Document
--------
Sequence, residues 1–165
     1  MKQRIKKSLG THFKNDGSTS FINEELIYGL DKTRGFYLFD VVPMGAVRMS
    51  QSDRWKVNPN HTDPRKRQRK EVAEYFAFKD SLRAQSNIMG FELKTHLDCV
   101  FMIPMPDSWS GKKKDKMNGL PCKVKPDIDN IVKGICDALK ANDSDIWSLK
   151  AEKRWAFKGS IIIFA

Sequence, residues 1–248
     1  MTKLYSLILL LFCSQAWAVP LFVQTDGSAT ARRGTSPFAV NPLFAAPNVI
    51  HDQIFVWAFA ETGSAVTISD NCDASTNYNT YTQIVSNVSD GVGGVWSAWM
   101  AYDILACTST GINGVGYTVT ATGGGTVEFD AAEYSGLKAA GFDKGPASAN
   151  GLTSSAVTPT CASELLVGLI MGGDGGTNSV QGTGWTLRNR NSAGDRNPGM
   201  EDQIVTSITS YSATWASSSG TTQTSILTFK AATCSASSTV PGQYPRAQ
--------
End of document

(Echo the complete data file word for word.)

Sequence, residues 1–165
     1  MKQRIKKSLG THFKNDGSTS FINEELIYGL DKTRGFYLFD VVPMGAVRMS
    51  QSDRWKVNPN HTDPRKRQRK EVAEYFAFKD SLRAQSNIMG FELKTHLDCV
   101  FMIPMPDSWS GKKKDKMNGL PCKVKPDIDN IVKGICDALK ANDSDIWSLK
   151  AEKRWAFKGS IIIFA

Sequence, residues 1–248
     1  MTKLYSLILL LFCSQAWAVP LFVQTDGSAT ARRGTSPFAV NPLFAAPNVI
    51  HDQIFVWAFA ETGSAVTISD NCDASTNYNT YTQIVSNVSD GVGGVWSAWM
   101  AYDILACTST GINGVGYTVT ATGGGTVEFD AAEYSGLKAA GFDKGPASAN
   151  GLTSSAVTPT CASELLVGLI MGGDGGTNSV QGTGWTLRNR NSAGDRNPGM
   201  EDQIVTSITS YSATWASSSG TTQTSILTFK AATCSASSTV PGQYPRAQ